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    We report on the discovery and characterization of three planets orbiting the F8 star HD 28109, which sits comfortably in ${TESS}$’s continuous viewing zone. The two outer planets have periods of $\rm 56.0067 \pm 0.0003~d$ and $\rm 84.2597_{-0.0008}^{+0.0010}~d$, which implies a period ratio very close to that of the first-order 3:2 mean motion resonance, exciting transit timing variations (TTVs) of up to $\rm 60\, min$. These two planets were first identified by ${TESS}$, and we identified a third planet in the ${TESS}$photometry with a period of $\rm 22.8911 \pm 0.0004~d$. We confirm the planetary nature of all three planetary candidates using ground-based photometry from Hazelwood, ${ASTEP}$, and LCO, including a full detection of the $\rm \sim 9\, h$ transit of HD 28109 c from Antarctica. The radii of the three planets are ${\it R}_b=2.199_{-0.10}^{+0.098} ~{\rm R}_{\oplus }$, ${\it R}_c=4.23\pm 0.11~ {\rm R}_{\oplus }$, and ${\it R}_d=3.25\pm 0.11 ~{\rm R}_{\oplus }$; we characterize their masses using TTVs and precise radial velocities from ESPRESSO and HARPS, and find them to be ${\it M}_b=18.5_{-7.6}^{+9.1}~M_{\oplus }$, ${\it M}_c=7.9_{-3.0}^{+4.2}~{\rm M}_{\oplus }$, and ${\it M}_d=5.7_{-2.1}^{+2.7}~{\rm M}_{\oplus }$, making planet b a dense, massive planet while c and d are both underdense. We also demonstrate that the two outer planets are ripe for atmospheric characterization using transmission spectroscopy, especially given their position in the CVZ of James Webb Space Telescope. The data obtained to date are consistent with resonant (librating) and non-resonant (circulating) solutions; additional observations will show whether the pair is actually locked in resonance or just near-resonant.

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  7. Abstract

    We report the discovery and characterization of a nearby (∼85 pc), older (27 ± 3 Myr), distributed stellar population near Lower Centaurus Crux (LCC), initially identified by searching for stars comoving with a candidate transiting planet from TESS (HD 109833; TOI 1097). We determine the association membership using Gaia kinematics, color–magnitude information, and rotation periods of candidate members. We measure its age using isochrones, gyrochronology, and Li depletion. While the association is near known populations of LCC, we find that it is older than any previously found LCC subgroup (10–16 Myr), and distinct in both position and velocity. In addition to the candidate planets around HD 109833, the association contains four directly imaged planetary-mass companions around three stars, YSES-1, YSES-2, and HD 95086, all of which were previously assigned membership in the younger LCC. Using the Notch pipeline, we identify a second candidate transiting planet around HD 109833. We use a suite of ground-based follow-up observations to validate the two transit signals as planetary in nature. HD 109833 b and c join the small but growing population of <100 Myr transiting planets from TESS. HD 109833 has a rotation period and Li abundance indicative of a young age (≲100 Myr), but a position and velocity on the outskirts of the new population, lower Li levels than similar members, and a color–magnitude diagram position below model predictions for 27 Myr. So, we cannot reject the possibility that HD 109833 is a young field star coincidentally nearby the population.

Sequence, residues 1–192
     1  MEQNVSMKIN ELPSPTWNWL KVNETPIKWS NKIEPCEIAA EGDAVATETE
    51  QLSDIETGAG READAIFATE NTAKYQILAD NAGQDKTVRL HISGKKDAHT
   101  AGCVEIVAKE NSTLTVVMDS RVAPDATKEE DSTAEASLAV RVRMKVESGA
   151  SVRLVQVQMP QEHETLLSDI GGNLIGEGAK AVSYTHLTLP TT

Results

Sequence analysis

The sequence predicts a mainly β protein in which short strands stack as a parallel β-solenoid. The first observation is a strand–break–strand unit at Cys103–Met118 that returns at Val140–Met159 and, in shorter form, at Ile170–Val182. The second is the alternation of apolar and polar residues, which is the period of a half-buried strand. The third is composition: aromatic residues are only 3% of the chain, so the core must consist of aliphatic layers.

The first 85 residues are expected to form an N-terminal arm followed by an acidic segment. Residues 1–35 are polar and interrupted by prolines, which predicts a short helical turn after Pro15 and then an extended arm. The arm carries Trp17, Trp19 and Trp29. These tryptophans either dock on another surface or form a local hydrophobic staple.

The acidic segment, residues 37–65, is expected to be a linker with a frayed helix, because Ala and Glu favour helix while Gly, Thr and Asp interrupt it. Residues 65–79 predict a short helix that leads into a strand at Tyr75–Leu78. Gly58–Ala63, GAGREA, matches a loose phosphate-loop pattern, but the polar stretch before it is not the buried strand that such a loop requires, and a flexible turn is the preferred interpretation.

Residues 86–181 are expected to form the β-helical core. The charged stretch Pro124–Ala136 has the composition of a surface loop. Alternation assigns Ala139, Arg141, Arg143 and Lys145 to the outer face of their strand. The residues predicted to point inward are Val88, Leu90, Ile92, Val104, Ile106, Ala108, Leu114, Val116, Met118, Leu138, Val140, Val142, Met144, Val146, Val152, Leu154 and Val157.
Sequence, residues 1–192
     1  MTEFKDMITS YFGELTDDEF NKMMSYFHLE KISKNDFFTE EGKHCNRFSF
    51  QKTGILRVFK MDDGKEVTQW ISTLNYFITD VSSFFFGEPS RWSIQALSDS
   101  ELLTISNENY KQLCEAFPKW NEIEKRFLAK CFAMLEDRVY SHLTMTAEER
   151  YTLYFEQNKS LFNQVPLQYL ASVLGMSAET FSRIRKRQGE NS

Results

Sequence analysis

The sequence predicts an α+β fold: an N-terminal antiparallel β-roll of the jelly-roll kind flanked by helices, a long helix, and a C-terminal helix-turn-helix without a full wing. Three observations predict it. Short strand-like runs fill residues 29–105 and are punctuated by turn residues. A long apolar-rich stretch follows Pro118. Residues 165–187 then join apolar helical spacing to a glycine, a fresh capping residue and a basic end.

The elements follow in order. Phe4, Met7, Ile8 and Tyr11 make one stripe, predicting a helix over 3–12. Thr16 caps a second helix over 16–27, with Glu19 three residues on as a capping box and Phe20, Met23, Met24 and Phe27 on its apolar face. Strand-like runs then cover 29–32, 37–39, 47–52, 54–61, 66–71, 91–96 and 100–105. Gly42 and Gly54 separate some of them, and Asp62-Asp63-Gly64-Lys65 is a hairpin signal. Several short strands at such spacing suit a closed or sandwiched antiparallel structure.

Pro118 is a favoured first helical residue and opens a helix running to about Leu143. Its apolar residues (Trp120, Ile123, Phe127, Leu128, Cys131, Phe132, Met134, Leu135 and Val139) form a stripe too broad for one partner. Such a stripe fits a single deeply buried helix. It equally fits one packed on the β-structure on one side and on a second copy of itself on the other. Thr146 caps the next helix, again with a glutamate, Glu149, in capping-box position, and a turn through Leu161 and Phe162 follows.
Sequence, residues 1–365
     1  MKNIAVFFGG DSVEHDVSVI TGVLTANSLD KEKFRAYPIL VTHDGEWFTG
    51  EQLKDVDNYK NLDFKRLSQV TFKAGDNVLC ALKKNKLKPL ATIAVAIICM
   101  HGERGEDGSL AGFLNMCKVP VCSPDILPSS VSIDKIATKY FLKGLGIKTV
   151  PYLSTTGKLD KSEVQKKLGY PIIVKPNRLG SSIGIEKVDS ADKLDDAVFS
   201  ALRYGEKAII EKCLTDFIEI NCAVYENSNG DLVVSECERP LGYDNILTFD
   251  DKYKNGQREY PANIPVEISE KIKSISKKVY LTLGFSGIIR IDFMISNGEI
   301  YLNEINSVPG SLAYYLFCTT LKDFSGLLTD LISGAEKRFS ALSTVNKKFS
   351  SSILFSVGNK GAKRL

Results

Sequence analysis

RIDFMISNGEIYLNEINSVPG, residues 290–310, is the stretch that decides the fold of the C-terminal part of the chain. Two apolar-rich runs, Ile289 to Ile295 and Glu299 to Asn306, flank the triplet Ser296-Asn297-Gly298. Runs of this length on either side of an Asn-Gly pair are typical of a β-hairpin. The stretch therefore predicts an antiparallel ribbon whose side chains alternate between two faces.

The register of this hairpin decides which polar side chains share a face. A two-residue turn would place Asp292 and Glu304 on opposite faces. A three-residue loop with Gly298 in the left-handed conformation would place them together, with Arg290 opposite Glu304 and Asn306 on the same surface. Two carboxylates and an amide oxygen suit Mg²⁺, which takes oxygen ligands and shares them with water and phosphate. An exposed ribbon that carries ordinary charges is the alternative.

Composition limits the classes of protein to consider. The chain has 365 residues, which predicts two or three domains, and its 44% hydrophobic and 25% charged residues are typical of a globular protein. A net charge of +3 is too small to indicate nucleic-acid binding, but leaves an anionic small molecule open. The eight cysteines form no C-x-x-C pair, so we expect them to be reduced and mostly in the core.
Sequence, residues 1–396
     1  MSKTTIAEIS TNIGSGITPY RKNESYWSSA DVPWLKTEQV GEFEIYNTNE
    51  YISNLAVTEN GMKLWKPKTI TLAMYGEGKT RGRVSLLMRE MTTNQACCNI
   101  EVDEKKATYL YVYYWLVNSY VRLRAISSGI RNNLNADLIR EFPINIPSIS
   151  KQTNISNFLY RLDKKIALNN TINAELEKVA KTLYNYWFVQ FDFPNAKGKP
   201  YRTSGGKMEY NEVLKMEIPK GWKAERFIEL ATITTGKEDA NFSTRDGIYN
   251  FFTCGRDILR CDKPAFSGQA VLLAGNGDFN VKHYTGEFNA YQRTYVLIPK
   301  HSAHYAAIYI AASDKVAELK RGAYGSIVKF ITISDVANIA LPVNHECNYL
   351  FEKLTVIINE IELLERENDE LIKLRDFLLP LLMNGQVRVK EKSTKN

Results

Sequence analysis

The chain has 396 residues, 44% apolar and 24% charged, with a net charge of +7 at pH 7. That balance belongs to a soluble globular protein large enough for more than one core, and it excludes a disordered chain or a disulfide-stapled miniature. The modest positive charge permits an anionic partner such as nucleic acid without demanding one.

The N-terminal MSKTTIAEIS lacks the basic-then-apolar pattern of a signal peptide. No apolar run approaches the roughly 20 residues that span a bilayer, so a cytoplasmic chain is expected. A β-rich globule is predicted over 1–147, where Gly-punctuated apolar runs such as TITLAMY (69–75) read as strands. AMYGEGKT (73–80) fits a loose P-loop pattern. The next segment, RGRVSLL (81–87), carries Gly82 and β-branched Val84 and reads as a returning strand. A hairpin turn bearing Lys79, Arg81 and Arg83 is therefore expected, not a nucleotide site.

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  8. Abstract

    The alignment of planetary orbits with respect to the stellar rotation preserves information on their dynamical histories. Measuring this angle for young planets helps illuminate the mechanisms that create misaligned orbits for older planets, as different processes could operate over timescales ranging from a few megayears to a gigayear. We present spectroscopic transit observations of the young exoplanet V1298 Tau b; we update the age of V1298 Tau to be 28 ± 4 Myr based on Gaia EDR3 measurements. We observed a partial transit with Keck/HIRES and LBT/PEPSI, and detected the radial velocity anomaly due to the Rossiter–McLaughlin effect. V1298 Tau b has a prograde, well-aligned orbit, withλ=410+7deg. By combining the spectroscopically measuredvsiniand the photometrically measured rotation period of the host star we also find that the orbit is aligned in 3D,ψ=87+4deg. Finally, we combine our obliquity constraints with a previous measurement for the interior planet V1298 Tau c to constrain the mutual inclination between the two planets to beimut= 0° ± 19°. This measurements adds to the growing number of well-aligned planets at young ages, hinting that misalignments may be generated over timescales of longer than tens of megayears. The number of measurements, however, is still small, and this population may not be representative of the older planets that have been observed to date. We also present the derivation of the relationship betweenimut,λ, andifor the two planets.

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  9. ABSTRACT We present the discovery and characterization of six short-period, transiting giant planets from NASA’s Transiting Exoplanet Survey Satellite (TESS) -- TOI-1811 (TIC 376524552), TOI-2025 (TIC 394050135), TOI-2145 (TIC 88992642), TOI-2152 (TIC 395393265), TOI-2154 (TIC 428787891), and TOI-2497 (TIC 97568467). All six planets orbit bright host stars (8.9 <G < 11.8, 7.7 <K < 10.1). Using a combination of time-series photometric and spectroscopic follow-up observations from the TESS Follow-up Observing Program Working Group, we have determined that the planets are Jovian-sized (RP  = 0.99--1.45 RJ), have masses ranging from 0.92 to 5.26 MJ, and orbit F, G, and K stars (4766 ≤ Teff ≤ 7360 K). We detect a significant orbital eccentricity for the three longest-period systems in our sample: TOI-2025 b (P  = 8.872 d, 0.394$^{+0.035}_{-0.038}$), TOI-2145 b (P  = 10.261 d, e  = $0.208^{+0.034}_{-0.047}$), and TOI-2497 b (P  = 10.656 d, e  = $0.195^{+0.043}_{-0.040}$). TOI-2145 b and TOI-2497 b both orbit subgiant host stars (3.8 < log  g <4.0), but these planets show no sign of inflation despite very high levels of irradiation. The lack of inflation may be explained by the high mass of the planets; $5.26^{+0.38}_{-0.37}$ MJ (TOI-2145 b) and 4.82 ± 0.41 MJ (TOI-2497 b). These six new discoveries contribute to the larger community effort to use TESS to create a magnitude-complete, self-consistent sample of giant planets with well-determined parameters for future detailed studies. 
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    Free, publicly-accessible full text available March 14, 2024